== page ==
Will China’s appetite for pork spike inflation in 2018?

Business & Technology
FILE PHOTO: The headquarters building of Anbang Insurance Group are pictured in Beijing, China, August 25, 2016. REUTERS/Jason Lee/File Photo

China eats and produces about half of the world’s pork, and the number is only expected to grow in coming years. Bloomberg reports that the continued appetite may contribute substantially to inflationary pressure in the next year, due to two trends:

  • Food prices in general are “one of the biggest factors in consumer inflation,” and in China, pork “accounts for almost 3 percent of the consumer price index,” according to Citic Securities Co.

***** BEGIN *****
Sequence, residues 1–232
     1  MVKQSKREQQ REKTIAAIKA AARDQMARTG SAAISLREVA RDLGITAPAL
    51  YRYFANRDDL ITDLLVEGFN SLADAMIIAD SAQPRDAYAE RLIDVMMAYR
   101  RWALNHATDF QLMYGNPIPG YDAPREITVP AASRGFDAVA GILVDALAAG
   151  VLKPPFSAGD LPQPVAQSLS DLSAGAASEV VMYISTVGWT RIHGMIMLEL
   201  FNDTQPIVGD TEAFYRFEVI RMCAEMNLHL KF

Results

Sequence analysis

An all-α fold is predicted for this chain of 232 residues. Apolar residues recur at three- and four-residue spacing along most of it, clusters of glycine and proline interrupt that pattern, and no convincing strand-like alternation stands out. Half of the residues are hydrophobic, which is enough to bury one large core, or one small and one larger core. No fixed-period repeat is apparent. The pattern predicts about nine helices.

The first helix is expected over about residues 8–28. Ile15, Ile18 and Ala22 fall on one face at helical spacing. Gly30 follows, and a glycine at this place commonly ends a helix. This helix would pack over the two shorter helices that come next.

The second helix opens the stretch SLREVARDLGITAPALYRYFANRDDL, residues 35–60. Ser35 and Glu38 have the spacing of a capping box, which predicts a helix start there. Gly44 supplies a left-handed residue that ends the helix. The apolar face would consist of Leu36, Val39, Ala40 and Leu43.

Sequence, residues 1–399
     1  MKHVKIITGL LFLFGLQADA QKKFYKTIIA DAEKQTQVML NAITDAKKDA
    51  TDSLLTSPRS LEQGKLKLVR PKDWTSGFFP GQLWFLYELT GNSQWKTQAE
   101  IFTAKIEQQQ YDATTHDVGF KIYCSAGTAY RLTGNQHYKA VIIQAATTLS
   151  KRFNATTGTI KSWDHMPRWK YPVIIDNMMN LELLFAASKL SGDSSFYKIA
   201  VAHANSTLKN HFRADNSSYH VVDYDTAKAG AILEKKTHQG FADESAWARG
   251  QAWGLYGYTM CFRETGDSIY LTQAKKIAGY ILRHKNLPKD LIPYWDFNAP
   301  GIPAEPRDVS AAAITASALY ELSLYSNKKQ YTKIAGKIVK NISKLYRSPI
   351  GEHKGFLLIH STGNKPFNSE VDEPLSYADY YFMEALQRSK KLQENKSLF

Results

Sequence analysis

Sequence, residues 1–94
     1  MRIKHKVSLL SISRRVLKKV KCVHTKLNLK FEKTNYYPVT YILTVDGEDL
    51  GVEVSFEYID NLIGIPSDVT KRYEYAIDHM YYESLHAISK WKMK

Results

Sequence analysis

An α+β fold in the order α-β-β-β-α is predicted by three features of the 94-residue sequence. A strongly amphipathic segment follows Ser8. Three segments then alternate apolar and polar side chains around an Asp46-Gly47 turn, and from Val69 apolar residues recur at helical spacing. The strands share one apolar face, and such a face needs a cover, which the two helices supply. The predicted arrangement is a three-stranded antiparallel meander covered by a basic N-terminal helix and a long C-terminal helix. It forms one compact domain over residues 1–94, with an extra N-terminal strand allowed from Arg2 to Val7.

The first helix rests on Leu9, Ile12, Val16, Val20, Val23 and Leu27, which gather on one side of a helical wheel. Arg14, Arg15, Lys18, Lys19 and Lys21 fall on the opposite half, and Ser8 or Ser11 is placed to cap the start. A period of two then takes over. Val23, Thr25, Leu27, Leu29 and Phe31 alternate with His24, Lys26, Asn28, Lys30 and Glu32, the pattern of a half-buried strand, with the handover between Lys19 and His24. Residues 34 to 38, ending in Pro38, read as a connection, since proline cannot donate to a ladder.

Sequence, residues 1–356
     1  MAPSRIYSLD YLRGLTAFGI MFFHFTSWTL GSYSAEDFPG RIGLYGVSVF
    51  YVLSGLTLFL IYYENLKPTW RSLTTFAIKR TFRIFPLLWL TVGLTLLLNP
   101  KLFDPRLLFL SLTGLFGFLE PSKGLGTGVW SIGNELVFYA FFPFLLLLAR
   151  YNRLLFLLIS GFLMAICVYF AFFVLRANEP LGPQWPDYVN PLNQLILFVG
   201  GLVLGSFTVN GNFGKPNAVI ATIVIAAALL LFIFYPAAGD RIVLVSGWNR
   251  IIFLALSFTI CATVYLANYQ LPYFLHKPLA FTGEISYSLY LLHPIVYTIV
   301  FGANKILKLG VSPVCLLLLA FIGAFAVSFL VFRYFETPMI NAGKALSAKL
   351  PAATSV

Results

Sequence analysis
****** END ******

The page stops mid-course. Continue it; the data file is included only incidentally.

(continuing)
• Although the price of pork has been declining this year due to cheaper corn and greater production, the “losses have been narrowing over the past four months.”

Reuters adds that “China’s pig herd shrank in October by the most in close to two years,” as a “crackdown on farm pollution…has forced hundreds of thousands of farms to close in the past year.” As China does not just eat the most pork, but also produces much of what it eats — 55 million tons produced each year — the reduction in supply could also add to inflationary pressure.